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Merritt Wever, from 'Nurse Jackie' to post-(post?)-feminism

February 17, 2010 | 10:00 am

Wever1 Most rising young actors would leap at a chance for a press interview. Merritt Wever -- the young "Nurse Jackie" actress who is on stage at the Geffen Playhouse in "The Female of the Species" -- approaches the journalistic process with a caution that borders on trepidation.

"I'm not used to all this yet," says Wever, when asked about her rising stage and screen profile. A foot-long hypodermic needle -- the kind administered on "Nurse Jackie" -- might have provoked a less anguished look on the actress' face.

Wever, 29, is performing opposite Annette Bening in "The Female of the Species," a farcical look at '60s feminist ideology and its present-day fall-out, running through March 14 at the Geffen. Written by Joanna Murray-Smith, the play depicts an armed showdown between a renowned feminist scholar (Bening) and a disgruntled former student (Wever).

Next month, Wever can be seen in the second season of Showtime's "Nurse Jackie," in which she plays Zoey, an eager nurse trainee, alongside Edie Falco. Wever also has a supporting role in "Greenberg," the latest Noah Baumbach film, which is also set to open in March.

Wever2 Though she winces at the word "career" and refuses to talk about her personal life, Wever doesn't come off as distant or unapproachable. Nor does her modesty appear false. She projects the shy, self-effacing manner of a drama nerd who would prefer to talk about her art rather than herself.

A New York native, Wever has performed in a number of off-Broadway productions at such notable houses as the New York Theater Workshop and the Ohio Theater, earning some positive mentions in the press.

"Theater has always been terrifying to me," she says. "You have to have a lot of courage and discipline, which had been lacking in my life for a couple of years.

"It's actually very difficult to find theater jobs in New York now. There are so many supremely talented stage actors."

Wever has recently spent more time working in television -- she had a recurring role in "Studio 60 on the Sunset Strip" and the past two years or so have been devoted to "Nurse Jackie."

After she finished filming the second season of "Nurse Jackie" in December, Wever traveled to L.A. to begin rehearsals on "The Female of the Species." She said she was offered the role in "Female" without an audition -- which she is still trying to wrap her mind around.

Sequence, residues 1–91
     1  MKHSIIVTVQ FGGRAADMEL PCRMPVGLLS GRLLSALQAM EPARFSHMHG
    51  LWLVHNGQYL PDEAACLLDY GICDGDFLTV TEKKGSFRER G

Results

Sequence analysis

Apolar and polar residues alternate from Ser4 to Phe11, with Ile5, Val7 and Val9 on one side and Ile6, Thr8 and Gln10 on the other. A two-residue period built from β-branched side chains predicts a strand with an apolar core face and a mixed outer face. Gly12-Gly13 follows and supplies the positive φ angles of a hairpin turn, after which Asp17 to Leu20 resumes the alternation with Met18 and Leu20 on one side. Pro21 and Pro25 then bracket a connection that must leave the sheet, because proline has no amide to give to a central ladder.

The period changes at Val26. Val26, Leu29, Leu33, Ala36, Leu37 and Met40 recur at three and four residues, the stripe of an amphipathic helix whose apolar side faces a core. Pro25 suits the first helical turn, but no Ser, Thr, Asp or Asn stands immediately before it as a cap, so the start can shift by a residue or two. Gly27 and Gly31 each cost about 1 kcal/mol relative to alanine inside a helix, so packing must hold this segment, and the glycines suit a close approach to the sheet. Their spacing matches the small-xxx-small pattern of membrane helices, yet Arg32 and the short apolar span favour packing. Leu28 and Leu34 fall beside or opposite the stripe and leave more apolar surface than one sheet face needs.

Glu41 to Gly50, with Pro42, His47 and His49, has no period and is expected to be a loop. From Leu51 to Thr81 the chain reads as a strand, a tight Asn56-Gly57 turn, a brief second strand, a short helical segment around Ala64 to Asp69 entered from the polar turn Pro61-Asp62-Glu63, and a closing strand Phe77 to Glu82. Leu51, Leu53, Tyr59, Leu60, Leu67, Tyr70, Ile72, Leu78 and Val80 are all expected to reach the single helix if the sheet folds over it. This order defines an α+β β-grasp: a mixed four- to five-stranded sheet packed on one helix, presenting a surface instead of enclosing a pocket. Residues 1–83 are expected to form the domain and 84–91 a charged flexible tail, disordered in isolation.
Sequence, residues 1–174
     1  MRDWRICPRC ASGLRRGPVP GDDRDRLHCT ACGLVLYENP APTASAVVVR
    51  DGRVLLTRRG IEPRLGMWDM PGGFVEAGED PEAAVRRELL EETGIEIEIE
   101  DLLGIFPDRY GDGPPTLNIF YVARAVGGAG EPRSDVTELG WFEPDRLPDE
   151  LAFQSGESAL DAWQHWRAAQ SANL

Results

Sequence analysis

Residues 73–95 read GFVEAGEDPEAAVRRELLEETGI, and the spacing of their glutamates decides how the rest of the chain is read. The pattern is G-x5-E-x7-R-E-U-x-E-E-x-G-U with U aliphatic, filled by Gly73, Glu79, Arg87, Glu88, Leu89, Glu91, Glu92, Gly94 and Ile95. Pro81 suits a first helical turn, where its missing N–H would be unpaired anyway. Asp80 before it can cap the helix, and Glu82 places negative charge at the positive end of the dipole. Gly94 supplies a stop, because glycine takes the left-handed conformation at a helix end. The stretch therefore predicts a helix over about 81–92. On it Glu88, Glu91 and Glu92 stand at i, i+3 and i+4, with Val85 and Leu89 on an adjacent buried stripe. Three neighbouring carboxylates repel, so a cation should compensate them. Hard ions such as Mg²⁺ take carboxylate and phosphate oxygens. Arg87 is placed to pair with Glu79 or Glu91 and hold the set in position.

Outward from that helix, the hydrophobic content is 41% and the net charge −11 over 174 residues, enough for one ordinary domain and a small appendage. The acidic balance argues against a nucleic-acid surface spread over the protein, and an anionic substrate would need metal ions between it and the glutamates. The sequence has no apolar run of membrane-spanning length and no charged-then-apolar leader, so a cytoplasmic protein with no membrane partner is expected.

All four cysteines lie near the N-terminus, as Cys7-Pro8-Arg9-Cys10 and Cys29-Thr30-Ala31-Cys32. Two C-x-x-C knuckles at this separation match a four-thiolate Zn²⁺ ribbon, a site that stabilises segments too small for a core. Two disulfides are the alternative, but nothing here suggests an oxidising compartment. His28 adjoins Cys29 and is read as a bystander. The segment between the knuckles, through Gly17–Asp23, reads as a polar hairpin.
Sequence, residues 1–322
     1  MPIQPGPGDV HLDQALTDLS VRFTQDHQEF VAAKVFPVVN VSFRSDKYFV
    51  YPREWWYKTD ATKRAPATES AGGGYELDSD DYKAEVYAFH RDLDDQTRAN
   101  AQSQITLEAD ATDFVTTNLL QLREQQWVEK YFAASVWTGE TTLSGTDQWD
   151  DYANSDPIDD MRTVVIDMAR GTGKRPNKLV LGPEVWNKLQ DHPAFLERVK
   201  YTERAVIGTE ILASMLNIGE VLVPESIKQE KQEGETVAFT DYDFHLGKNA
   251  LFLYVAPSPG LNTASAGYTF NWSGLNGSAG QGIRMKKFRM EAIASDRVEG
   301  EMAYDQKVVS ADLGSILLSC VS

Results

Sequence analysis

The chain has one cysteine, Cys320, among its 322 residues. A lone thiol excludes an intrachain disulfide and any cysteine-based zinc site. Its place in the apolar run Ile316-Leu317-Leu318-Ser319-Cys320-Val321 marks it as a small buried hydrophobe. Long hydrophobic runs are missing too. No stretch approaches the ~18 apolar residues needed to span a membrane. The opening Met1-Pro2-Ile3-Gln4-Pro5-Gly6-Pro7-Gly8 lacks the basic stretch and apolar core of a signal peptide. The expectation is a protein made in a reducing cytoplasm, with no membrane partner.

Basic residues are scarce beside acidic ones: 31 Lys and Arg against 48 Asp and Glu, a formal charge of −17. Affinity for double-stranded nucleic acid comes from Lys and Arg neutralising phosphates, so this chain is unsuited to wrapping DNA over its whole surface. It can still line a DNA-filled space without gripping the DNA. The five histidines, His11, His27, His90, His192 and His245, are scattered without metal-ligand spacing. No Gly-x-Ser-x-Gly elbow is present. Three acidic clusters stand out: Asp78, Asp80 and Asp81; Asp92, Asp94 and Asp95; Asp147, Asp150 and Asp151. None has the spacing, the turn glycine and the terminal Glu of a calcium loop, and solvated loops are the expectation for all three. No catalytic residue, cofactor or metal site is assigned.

"It's the first time that's happened to me. It made me nervous coming here, not having auditioned and for them not having seen my take on it," she says.

"I read the play a couple of years ago in New York and thought it was really funny. I couldn't believe my luck."

Wever describes her stage character, Molly -- a gun-toting young woman who takes her former college professor hostage --  as passionate and well read but stops short of calling her crazy.

"I actually got on a downward spiral during rehearsals thinking of her as crazy. I was having a hard time for a little while --- it was a steep learning curve," she says. "Now I don't want to place any value judgment on her."

The play's chatty discussions on the evolution of feminism weren't foreign to Wever, who says she became familiar with a lot of the arguments while growing up in a "liberal environment where everyone I knew called themselves a feminist." She also got a dose of feminism from her studies at Sarah Lawrence College.

"I came across a lot of Mollys at Sarah Lawrence. They weren't as extreme as she is, but this is definitely familiar territory."

Working for the past several weeks on the play has made Wever reconsider the various waves of feminism -- from post to post-post.

"I wish feminism wasn't so scary to people," she says. "It should be an evolving concept. I think it's an umbrella term to embrace conflicting ideas. What I really like is Molly's speech at the end of the play -- 'ideology denies the true strange beauty of the human experience.'"

After the play's run at the Geffen, Wever says she will most likely embark on an apartment-hunting expedition. She says her New York apartment in the West Village is getting too expensive.

She will also spend time recovering physically from the stage role. She says she has developed sore arm muscles from having to hold a gun for extended periods during the play.

"Also -- and this sounds bad -- but I have a gun callous on my middle finger," she says. "But I love these things. They're like battle scars."

-- David Ng

Photo (top): Merritt Wever and Annette Bening in "The Female of the Species" at the Geffen Playhouse. Credit: Ann Johansson / For The Times. Photo (bottom): Wever and Edie Falco in "Nurse Jackie." Credit: Ken Regan / Showtime.

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